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Dag Evert's "American Classic"

As mentioned on the forum, heres a picture I took some time back, with natural winter daylight.
A 2100, and a 1377, both guns have been recrowned, and had their trigger parts shimmed for play,
contact surfaces stoned, and trigger springs somewhat reduced within safe limits.
The 2100 has had its barrel shimmed with tape to remove play.
Both guns give great accuracy for the money if they are given good pellets!
The combination of pellets and guns in the picture represents something close to my boyhood dreams:-)
-- Dag Evert

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Pumpers

May 22 2012 at 6:55 AM
Curt  (Login curt44319)
Crosman Forum Member
from IP address 66.181.110.200


Response to Brainstorming on the rebirth of pumpers


The limitation from forever, is diminishing returns.
Much higher pressures are possible, with many more pumps.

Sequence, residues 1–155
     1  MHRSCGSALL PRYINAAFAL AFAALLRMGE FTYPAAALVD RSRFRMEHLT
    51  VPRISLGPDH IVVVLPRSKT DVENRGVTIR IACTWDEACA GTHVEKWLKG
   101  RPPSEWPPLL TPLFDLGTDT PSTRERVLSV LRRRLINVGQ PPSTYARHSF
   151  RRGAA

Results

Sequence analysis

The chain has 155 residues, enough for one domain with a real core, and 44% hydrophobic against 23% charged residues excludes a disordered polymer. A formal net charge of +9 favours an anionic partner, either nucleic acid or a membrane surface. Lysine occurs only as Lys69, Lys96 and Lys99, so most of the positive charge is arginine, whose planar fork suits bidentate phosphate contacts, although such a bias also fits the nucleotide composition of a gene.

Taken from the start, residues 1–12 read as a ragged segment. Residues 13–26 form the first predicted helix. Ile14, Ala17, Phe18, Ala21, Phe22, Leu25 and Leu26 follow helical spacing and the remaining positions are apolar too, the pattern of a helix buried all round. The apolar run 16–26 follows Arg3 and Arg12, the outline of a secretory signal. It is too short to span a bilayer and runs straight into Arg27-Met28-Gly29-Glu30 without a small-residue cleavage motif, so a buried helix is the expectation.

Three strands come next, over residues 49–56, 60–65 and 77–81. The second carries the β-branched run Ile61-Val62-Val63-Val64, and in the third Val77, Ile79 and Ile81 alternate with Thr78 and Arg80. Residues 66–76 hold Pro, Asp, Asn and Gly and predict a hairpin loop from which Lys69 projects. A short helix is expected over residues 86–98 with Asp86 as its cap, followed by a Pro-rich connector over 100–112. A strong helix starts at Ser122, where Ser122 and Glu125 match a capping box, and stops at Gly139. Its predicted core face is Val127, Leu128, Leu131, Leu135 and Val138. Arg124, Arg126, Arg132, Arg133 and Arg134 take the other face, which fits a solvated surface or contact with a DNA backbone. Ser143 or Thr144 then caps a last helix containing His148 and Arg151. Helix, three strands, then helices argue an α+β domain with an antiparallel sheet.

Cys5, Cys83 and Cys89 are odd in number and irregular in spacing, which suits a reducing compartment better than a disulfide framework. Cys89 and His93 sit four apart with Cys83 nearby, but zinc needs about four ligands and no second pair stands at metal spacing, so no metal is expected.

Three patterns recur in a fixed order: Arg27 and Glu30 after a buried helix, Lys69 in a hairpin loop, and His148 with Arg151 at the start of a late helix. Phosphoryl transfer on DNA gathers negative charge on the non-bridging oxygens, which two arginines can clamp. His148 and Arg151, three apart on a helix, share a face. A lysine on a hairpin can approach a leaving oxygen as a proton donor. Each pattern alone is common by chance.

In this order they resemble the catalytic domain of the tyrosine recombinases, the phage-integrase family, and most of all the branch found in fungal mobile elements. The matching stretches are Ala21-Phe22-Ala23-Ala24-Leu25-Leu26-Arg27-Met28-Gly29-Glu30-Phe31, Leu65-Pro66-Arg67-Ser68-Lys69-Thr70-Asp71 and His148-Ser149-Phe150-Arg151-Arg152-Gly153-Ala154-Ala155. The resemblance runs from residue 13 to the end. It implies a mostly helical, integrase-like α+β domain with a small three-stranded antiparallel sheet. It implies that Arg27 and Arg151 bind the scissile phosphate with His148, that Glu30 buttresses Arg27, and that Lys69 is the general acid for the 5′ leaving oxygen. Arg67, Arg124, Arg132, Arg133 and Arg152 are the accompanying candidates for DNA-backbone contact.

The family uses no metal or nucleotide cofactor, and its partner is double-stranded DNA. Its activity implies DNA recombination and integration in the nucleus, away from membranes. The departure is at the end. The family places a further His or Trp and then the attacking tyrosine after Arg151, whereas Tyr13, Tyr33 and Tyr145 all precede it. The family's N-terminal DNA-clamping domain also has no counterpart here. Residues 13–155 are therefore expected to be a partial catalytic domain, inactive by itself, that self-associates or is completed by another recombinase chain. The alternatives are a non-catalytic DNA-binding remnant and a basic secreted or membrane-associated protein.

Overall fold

Higher volume likewise, also with many more pumps.
Reducing pumping effort, with more pumps, and more loss, so even more pumps.
Fewer pumps, but with much more pumping effort.

All of these can be done, and are, but at what point does one simply decide it just isn't worth it ?

A stock Crosman is probably already at 90% or better of what might be done, so how much can be accomplished beyond that ? At what cost ? ( cost including both $$ and effort )

Just a guess, but I'd expect about the best that could be imagined would be a PCP with it's own built-in recharge pump, such that one could either pre-charge from a bottle, or pump it 1000 strokes, and then settle for a half dozen or so re-charge pumps per shot.

My favorite, and much to my surprise, has become my 1322.
It can develop close to 15 foot pounds impact energy at 40 feet with 18 pumps or so, but it gets shot with typically two pumps at 40 feet for targets.
I know I can get more out, but with more in. At what point does one just say "enough" ??

 
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